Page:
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Roebuck Staples: 1914-2000
Roebuck Staples
Singer, guitarist, songwriter, bandleader

Born: December 28, 1914 in Winona, Mississippi
Died: December 19, 2000 in Dolton, Illinois

Father of Most Successful Gospel Group

Copyright © 2000 

The Scotsman, 2000


Pops Staples led his family gospel group from church into the pop charts, and established The Staple Singers as the best known gospel group of their era, while simultaneously expanding their repertoire in response to changing times and musical tastes.

He was born into a poor family in Mississippi, and left school early to pick cotton. He picked up his early musical education in the church, and he sang with a gospel group, the Golden Trumpets, but also indulged a love of the secular sound of the blues (he cited Bessie Smith and Blind Lemon Jefferson as among his favourites), and played locally as a solo blues singer and guitarist at dances and picnics.

He moved north to Chicago in 1936, with his wife, Oceola Staples, and their young family. He joined another gospel group in the city, the Trumpet Jubilees, and encouraged his children to sing at home. In 1947 the family began to sing in church as The Staple Singers, with Pops and Oceola joined by their son, Pervis, and two of their daughters, Cleotha and Mavis, who was only 7 years old at the time, and sang bass in the group, but later became its lead singer.

They continued to build a reputation in Chicago, and began their recording career in 1953 for a local label, United Records, although the group resisted the record company’s demands that they record non-gospel material. Their first hit arrived after switching to Vee-Jay Records in 1955, with the gospel song “Uncloudy Day”, which Pops Staples later observed “sold like rock and roll” without compromising their spiritual or religious convictions.

It sparked a series of successful singles in the late 50s, including versions of “Stand By Me” (later made famous by Ben E. King) and “This Could Be The Last Time”, covered by The Rolling Stones, albeit with different lyrics. They recorded a number of albums for the jazz label Riverside in the early-60s, and signed to Epic Records, a major pop label, in 1967.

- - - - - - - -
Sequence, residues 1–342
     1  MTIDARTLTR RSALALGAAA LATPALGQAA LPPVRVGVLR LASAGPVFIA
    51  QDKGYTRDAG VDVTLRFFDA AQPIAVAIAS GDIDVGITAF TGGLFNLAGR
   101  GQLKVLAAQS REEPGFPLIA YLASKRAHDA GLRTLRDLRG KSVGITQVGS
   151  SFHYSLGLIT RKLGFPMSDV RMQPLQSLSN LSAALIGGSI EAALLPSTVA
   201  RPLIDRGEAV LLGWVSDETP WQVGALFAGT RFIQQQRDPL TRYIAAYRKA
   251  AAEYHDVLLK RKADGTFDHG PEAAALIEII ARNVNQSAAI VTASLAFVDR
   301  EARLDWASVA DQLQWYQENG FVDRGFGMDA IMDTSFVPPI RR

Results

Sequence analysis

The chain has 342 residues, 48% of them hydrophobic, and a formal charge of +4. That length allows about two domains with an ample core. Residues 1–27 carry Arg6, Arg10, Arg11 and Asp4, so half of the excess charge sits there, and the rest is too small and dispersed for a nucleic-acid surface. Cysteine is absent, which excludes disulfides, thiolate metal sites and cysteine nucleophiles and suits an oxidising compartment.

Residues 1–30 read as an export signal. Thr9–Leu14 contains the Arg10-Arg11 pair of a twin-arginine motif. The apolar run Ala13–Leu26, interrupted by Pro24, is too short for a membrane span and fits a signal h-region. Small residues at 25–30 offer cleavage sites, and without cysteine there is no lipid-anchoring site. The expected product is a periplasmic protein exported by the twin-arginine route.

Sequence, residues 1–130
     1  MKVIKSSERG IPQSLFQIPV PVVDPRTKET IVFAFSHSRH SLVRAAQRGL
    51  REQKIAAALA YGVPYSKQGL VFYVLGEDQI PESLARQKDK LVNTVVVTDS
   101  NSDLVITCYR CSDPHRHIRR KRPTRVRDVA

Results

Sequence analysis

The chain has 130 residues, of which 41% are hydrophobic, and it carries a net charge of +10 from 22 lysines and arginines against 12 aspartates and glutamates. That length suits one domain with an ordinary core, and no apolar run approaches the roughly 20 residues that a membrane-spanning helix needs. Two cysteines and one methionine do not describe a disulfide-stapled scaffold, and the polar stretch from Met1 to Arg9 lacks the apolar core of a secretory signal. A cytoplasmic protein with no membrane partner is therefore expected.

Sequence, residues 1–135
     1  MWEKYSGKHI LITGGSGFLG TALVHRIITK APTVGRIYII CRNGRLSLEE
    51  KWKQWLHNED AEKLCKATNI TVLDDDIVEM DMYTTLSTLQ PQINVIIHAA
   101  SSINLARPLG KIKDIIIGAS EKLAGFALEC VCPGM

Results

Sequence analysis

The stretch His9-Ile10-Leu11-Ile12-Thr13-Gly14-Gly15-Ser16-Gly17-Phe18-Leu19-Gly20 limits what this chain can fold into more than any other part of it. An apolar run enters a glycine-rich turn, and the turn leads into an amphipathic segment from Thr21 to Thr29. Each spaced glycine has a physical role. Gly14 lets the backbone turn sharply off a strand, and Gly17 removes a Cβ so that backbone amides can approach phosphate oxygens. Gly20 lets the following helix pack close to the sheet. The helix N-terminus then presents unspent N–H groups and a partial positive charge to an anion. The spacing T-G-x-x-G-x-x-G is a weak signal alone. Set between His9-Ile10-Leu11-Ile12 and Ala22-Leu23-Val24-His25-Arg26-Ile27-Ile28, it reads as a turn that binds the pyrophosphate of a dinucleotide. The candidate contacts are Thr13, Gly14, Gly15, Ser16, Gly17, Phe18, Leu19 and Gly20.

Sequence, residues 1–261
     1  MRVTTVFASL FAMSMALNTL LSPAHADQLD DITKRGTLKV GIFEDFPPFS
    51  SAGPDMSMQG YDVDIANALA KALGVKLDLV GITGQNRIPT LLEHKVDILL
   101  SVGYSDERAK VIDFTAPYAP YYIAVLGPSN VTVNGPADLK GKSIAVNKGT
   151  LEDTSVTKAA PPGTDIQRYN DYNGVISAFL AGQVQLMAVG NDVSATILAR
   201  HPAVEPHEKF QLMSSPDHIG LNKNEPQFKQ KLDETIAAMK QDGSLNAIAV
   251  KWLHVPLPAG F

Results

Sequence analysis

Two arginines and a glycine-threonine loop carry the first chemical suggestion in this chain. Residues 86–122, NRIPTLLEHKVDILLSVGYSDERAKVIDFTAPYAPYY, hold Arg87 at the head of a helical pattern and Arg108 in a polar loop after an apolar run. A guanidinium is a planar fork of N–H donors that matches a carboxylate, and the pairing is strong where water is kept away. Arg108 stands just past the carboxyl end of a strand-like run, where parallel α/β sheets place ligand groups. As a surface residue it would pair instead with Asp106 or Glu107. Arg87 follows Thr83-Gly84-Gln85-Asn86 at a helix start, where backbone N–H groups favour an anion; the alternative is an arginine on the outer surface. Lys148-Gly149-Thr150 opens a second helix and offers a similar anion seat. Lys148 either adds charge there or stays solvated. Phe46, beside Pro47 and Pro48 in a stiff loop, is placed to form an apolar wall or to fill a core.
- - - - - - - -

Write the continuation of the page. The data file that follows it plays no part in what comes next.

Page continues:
The group’s music changed tack in the late 60s in direct response to the musical, social and religious upheavals in American society, replacing their older, Southern-style spiritualism with a more contemporary feel. Songs like “Why? (Am I Treated So Bad)” carried a strong social message, and also took the band into the pop charts, an ironic reversal of their refusal to sing rock and roll a decade earlier. Pervis left the group for military service in 1970, and his place in the group was taken by his sister, Yvonne.

The combination of their strong, soulful vocals and the funky rhythm and blues accompaniments which they had adopted proved commercially successfully, and the social and political message conveyed in many of their songs struck a chord with the times. They signed to the leading soul music label of the day, the Memphis-based Stax/Volt, in 1968, where they were backed by Booker T and the MGs, and scored further major hits in the early 70s with songs like “Respect Yourself”, I’ll Take You There”, and “Let’s Do It Again”, taken from the soundtrack for the film of that name starring Bill Cosby and Sidney Poitier, and released on Curtis Mayfield’s Curtom label in 1975.

The band remained a popular draw throughout the 1980s and 1990s, but Pops Staples also branched out as a solo singer (as did Mavis Staples), and did a little acting. He was nominated for a Grammy award for his solo album Peace to the Neighbourhood in 1992, and went one better by winning a Grammy for its successor, Father Father, in 1994.

He died after suffering concussion in a fall at his home. Oceola Staples predeceased him, but he is survived by his children, Cleotha, Pervis, Yvonne, and Mavis.

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With 9 reader comments, latest December 22, 2000